Publisher tool certifications and SAM tool selection
During my current review of 10 SAM Tools for large enterprises – the issue of publisher certification has been raised.
This is when a software publisher gives their blessing for the quality of data or output from a SAM tool. See the original call for participants here.
This article provides an independent opinion on the matter and perhaps some guidance for ITAM Review reader when selecting tools.
Question: Should I consider the Oracle LMS tool verification when selecting a SAM Tool?
Oracle has verified seven tools that “provide the required data set to supplement a LMS engagement”. But the program has a few flaws. Namely, sources inside Oracle tell us the whole program is on ice with 50 tools in the queue waiting to be verified. It’s hardly fair to discount a technology that is not verified when it is not possible to be verified. So rather than a benchmark, it’s a special club. So it should be disregarded as a program. This is unfortunate as vendor blessings are good thing, Oracle should be congratulated for introducing the program but now needs to get off the fence and either develop it or junk it.
Question: How should I prove whether the SAM tool is fit for purpose for managing Oracle?
Get your prospective SAM tool to demonstrate it working and delivering value either as a POC or as a low cost project. Populating the Oracle worksheet using their data would be a good first hurdle. Showing compliance and optimization / re-architecture opportunities for high-risk titles would be even better.
Question: Should I consider IBM verification when selecting a SAM tool?
We were pleased to see IBM potentially following Oracle in verifying tools.
- There is no program that we are aware of and….
- There is no public record of the program or process.
Again, if nobody can join it’s not a good basis for tool selection and should be discounted.
ITAM Review readers tell us you can get approval to use Flexera in substitute of ILMT for measuring sub-capacity with permission from IBM. But I’ve also heard of ITAM Review readers getting permission for other tools. So unfortunately this program (if indeed it is a program), along with Oracle, has become a bit of a farce.
This is a shame because this sort of guidance, verification and standards setting from publishers would be most welcome.
So for this reason I won’t be using vendor verifications as a competitive differentiator to discriminate between tools. Stay tuned to The ITAM Review newsletter to be notified when the review of 10 tools for Enterprise SAM is published.
About Martin Thompson
Martin is also the founder of ITAM Forum, a not-for-profit trade body for the ITAM industry created to raise the profile of the profession and bring an organisational certification to market. On a voluntary basis Martin is a contributor to ISO WG21 which develops the ITAM International Standard ISO/IEC 19770.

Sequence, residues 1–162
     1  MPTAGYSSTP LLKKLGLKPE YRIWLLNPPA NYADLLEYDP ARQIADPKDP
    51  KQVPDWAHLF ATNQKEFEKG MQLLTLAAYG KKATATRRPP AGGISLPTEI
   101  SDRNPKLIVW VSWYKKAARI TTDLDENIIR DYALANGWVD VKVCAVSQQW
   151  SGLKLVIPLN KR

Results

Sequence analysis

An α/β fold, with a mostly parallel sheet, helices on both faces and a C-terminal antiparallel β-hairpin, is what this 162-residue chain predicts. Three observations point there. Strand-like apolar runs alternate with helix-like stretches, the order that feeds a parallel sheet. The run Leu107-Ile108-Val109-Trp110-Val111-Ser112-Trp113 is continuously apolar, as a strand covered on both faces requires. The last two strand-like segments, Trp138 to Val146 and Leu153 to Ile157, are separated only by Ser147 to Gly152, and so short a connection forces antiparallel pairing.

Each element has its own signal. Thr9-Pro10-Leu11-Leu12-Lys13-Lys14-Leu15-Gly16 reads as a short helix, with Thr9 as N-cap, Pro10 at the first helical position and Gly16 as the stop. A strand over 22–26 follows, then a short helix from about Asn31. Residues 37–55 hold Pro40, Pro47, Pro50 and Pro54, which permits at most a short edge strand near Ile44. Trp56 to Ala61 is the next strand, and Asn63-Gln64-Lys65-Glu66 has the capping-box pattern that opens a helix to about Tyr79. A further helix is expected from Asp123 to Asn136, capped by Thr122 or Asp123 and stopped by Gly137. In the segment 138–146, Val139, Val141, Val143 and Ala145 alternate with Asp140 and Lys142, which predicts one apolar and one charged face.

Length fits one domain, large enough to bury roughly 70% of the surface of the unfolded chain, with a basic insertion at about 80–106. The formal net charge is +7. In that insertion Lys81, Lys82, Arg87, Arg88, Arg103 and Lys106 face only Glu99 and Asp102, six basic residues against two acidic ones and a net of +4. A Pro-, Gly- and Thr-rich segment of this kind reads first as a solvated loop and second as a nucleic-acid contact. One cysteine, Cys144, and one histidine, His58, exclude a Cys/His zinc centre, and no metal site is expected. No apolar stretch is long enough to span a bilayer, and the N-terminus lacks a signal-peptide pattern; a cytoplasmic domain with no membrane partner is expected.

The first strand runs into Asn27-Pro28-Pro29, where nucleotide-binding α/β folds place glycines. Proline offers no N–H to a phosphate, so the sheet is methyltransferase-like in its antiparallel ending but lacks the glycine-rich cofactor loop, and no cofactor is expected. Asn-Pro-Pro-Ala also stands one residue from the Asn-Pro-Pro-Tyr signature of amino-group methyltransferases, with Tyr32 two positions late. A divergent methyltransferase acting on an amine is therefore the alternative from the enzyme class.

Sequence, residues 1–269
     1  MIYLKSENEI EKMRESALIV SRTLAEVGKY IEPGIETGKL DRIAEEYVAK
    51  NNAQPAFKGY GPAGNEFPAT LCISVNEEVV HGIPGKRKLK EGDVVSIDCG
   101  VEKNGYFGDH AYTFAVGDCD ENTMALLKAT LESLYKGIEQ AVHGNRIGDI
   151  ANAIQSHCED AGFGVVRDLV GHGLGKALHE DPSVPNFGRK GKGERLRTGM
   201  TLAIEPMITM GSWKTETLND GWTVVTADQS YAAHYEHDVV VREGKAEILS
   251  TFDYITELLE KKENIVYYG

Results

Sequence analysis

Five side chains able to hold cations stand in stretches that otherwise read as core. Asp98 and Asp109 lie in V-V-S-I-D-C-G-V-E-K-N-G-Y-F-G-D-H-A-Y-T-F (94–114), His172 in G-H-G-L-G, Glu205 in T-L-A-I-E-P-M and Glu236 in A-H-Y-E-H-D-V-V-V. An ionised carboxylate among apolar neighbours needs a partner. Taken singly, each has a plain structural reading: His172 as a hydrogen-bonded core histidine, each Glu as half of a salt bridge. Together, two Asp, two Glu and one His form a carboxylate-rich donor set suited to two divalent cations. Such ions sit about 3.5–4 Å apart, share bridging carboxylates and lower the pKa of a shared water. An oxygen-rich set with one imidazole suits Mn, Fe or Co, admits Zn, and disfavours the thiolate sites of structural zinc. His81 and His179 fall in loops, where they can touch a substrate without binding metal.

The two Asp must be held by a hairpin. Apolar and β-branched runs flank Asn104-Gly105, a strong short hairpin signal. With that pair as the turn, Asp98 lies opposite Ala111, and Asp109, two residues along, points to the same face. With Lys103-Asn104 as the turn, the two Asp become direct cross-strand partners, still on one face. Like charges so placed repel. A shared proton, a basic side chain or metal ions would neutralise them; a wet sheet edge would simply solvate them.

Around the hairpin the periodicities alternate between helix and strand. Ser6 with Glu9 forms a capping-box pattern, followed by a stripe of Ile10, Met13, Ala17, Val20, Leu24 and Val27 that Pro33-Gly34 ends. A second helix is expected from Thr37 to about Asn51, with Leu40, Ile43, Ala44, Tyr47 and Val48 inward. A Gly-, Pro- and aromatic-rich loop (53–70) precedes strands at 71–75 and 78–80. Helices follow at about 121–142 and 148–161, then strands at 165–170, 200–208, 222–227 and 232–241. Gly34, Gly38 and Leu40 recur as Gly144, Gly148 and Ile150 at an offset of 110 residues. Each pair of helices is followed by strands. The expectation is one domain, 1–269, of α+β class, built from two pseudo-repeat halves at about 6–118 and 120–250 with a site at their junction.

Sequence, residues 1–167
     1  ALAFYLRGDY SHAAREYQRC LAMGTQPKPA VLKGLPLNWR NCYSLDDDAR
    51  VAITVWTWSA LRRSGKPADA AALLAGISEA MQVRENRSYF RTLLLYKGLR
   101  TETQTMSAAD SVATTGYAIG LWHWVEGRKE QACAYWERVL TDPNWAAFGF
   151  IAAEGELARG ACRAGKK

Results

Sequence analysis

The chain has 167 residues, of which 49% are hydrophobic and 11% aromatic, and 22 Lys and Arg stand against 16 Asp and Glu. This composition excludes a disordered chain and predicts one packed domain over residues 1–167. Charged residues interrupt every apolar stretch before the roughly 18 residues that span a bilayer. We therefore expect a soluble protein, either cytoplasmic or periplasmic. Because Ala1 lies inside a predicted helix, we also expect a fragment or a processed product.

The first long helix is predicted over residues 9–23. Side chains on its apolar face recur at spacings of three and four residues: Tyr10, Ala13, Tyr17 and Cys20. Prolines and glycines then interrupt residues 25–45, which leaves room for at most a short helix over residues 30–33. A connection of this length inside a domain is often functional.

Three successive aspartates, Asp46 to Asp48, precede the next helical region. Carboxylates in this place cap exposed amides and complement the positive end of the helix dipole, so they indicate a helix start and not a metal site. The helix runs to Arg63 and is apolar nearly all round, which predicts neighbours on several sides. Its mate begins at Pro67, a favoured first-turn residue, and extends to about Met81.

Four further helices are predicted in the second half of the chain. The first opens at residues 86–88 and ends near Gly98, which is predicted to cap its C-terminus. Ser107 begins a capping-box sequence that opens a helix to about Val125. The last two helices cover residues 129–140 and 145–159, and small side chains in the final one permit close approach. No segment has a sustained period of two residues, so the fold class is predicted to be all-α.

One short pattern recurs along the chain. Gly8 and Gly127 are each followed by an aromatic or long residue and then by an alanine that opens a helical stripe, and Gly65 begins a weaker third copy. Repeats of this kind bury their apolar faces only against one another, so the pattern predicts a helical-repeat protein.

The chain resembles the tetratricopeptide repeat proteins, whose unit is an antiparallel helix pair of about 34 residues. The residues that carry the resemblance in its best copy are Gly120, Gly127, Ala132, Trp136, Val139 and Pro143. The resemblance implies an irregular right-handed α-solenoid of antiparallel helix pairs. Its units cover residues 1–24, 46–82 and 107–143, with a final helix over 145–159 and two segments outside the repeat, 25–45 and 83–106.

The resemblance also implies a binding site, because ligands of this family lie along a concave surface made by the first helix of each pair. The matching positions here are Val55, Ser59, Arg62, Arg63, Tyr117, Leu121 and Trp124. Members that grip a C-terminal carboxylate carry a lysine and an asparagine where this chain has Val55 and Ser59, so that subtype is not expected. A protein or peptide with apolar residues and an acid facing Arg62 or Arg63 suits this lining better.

He is also the author of the book "Practical ITAM - The essential guide for IT Asset Managers", a book that describes how to get started and make a difference in the field of IT Asset Management. In addition, Martin developed the PITAM training course and certification.
Prior to founding the ITAM Review in 2008 Martin worked for Centennial Software (Ivanti), Silicon Graphics, CA Technologies and Computer 2000 (Tech Data).
When not working, Martin likes to Ski, Hike, Motorbike and spend time with his young family.
Connect with Martin on LinkedIn.
Good wrap up. Thanks for pointing out this marketing “fairy tale”.
And another part of the same story has been told recently on a conference by one of the major SAM vendors. Intentionally – I believe – the presenter was mentioning this together with other stories in one long sentence, trying to pretend the existence of a vendors “certification” for his SAM technology. But even if some people want this so bad: An Oracle technical certification, e.g. required to get a specific partner status, has no impact on the applications’ SAM relevance at all. Neither for managing Oracle’s compliance nor the acceptance of any result by that vendor. And for me this is a “marketing statement” beyond the border as it might be the last little impression to let a prospect finally decide. For all the others that did not decide so far: Check carefully what is being said and what is meant and what is contractually guaranteed in writing.
By the way: It is possible to achieve an individual review of process and technology leading to a potential acceptance that could be seen as a “temporary certification” by some vendors. And sometimes this status formally includes SAM process result acceptance plus it prevents from being audited after successfully passing it. But this is never caused by a specific tool, technology or any customer activity or process design alone. So always watch out if “incredible peace of mind” is promised as part of any offer.
Thanks for your views on this item. I cannot speak for Oracle but for Flexera, it is not that the tool is certified but rather that they ask for an addendum to the passport advantage license agreement. They change the clause associated with sub-capacity licensing and allow for a name 3rd party tool to be used.
Just a point of clarification. It’s not that the tool is certified but rather you change the nature of your license grant and obligations for sub-cap.
Thanks for the clarification Kris.
To reiterate, check with IBM about using Flexera, or any other tool for sub-capacity, As of today, there is still no formal verification process or acknowledgement from IBM.
From a reader:
“Unless there is agreed contractually to use a non-ILMT alternative solution for sub-capacity reporting, the customer is always required to deploy and accurately report from ILMT in order to be eligible for sub-capacity licensing”